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S. Koreans Abuzz Over Their Obsession With the Office

Ban Ki-moon, above, the South Korea-born leader of the United Nations, shown with Gen. Martin Agwai of the African Union force, is celebrated in the Seoul press as a workaholic. Hwang Woo-suk, below, who says he is a pioneer in the field of cloning, is likewise described as a human dynamo.
Ban Ki-moon, above, the South Korea-born leader of the United Nations, shown with Gen. Martin Agwai of the African Union force, is celebrated in the Seoul press as a workaholic. Hwang Woo-suk, below, who says he is a pioneer in the field of cloning, is likewise described as a human dynamo. (Pool Photo By Zohra Bensemra)

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By Blaine Harden
Washington Post Foreign Service
Saturday, May 10, 2008

What makes local news in the rest of the world? What do people debate, celebrate, worry about and condemn from day to day? Headlines, a feature to appear in the newspaper and at www.washingtonpost.com/world, will offer a regular window on communities, their values and their obsessions.

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SEOUL - South Koreans are working up a lather over working too much.

They put in far more time on the job than citizens of any other free-market democracy. Compared to Americans, they average 560 more hours at work a year -- the equivalent of 70 more eight-hour days. And that is down significantly from the go-go 1990s.

These numbers come from the 2008 Factbook of the Organization for Economic Cooperation and Development (OECD), a group of 30 developed countries. And they have been bouncing around in the hyperactive local media for several weeks.

For South Koreans, the numbers are yet another reminder that when it comes to kicking back and taking it easy, many of them don't have a clue.

In the OECD, they rank second to last in leisure spending, first in suicide and last in bearing children.

Despite the dearth of children, South Korea leads the OECD in per capita spending on private education, which often includes home tutors, after-school cram sessions and intensive English-language courses.

It's not that they don't see what they are doing to themselves. In a nationwide poll last year, two-thirds of South Koreans admitted to being workaholics.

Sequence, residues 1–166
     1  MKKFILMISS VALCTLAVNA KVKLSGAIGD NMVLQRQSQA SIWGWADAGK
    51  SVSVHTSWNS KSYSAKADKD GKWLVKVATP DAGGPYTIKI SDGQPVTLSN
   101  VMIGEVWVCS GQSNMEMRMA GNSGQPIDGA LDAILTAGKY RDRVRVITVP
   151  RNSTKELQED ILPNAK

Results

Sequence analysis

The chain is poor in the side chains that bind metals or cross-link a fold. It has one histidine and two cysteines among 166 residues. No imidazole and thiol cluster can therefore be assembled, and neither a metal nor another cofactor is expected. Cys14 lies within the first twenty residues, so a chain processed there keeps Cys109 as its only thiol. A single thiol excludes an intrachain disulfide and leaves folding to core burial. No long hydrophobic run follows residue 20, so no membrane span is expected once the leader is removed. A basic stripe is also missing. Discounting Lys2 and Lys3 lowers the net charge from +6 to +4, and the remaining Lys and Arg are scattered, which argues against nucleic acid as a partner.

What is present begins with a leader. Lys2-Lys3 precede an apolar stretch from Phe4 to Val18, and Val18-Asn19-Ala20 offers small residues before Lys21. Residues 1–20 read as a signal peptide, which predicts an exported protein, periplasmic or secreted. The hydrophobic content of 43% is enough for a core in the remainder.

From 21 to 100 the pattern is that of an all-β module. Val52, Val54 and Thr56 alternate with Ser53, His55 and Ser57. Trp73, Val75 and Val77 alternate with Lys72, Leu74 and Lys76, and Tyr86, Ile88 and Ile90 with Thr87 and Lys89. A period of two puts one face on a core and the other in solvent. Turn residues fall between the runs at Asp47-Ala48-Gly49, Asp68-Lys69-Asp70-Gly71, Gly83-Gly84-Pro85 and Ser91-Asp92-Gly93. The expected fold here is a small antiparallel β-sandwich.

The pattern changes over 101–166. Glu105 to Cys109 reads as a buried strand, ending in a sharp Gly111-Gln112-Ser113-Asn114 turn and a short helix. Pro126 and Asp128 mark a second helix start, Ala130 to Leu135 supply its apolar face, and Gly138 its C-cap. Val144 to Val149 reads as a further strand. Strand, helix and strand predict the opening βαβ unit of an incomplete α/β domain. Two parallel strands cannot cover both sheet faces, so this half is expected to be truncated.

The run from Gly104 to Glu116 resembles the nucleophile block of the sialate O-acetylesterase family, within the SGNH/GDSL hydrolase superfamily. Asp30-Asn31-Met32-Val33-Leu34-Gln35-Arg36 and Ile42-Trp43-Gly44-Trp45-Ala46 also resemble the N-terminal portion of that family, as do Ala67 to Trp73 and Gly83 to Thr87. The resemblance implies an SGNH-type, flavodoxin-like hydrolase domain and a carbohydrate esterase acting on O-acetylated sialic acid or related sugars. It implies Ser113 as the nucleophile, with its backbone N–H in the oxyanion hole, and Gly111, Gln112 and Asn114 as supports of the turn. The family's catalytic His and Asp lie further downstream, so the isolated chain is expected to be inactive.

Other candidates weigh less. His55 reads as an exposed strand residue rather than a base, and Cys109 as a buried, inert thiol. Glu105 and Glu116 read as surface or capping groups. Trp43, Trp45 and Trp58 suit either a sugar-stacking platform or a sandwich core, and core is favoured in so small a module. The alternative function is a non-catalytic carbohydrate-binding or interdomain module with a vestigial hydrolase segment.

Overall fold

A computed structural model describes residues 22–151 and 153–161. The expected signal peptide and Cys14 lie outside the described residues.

Their most famous role models, it seems, work even more.

The Korean-born secretary general of the United Nations, Ban Ki-moon, is routinely and approvingly described in the local media as a workaholic.

So is the Korean scientist Hwang Woo-suk, who asserts that he is a pioneer in cloning.

Kim Jong Il, the Stalinist leader of North Korea, is hardly a role model in the South. But he says he behaves like one, when it comes to work.

"Staying up all night is my habit," Kim told a North Korean newspaper last year. "This is the prime time to work."

Not everyone is impressed with the Korean Peninsula's great gusher of elbow grease.

The hardest-working people in the OECD rank just 23rd when it comes to making money, as many newspaper pundits here have noted. The per capita annual income here is $23,038, well below the OECD average of $31,468.

A columnist for the Hankyoreh newspaper scolded his countrymen this month for their self-destructive lack of sloth.

He noted that parents and children spend far too many hours each day at work or in school, only to come home and spend far too many hours noodling around on the Internet.

South Korea ranks first among OECD countries in home Internet access, at 94 percent.

"Raising children when you lead a compulsive, nervous and empty life is a problem," wrote columnist Kim Young-hwan, who also works for the Korea Human Rights Foundation. "As much as adults are drowning in work, they are drowning their children in education."

South Korean politicians, however, seem to know better than to say discouraging words when it comes to work.

A case in point is the workaholic self-made millionaire businessman who late last year was elected president of South Korea.

Lee Myung-bak, known as "the Bulldozer," ran a campaign based on his rags-to-riches biography and a promise that he could make all South Koreans significantly richer.

In his inaugural address, Lee explained what was necessary: Young people need to work harder, teachers need to work harder and workers need to work harder.

Lee, by the way, won his election by the largest margin since South Korea became a democracy.


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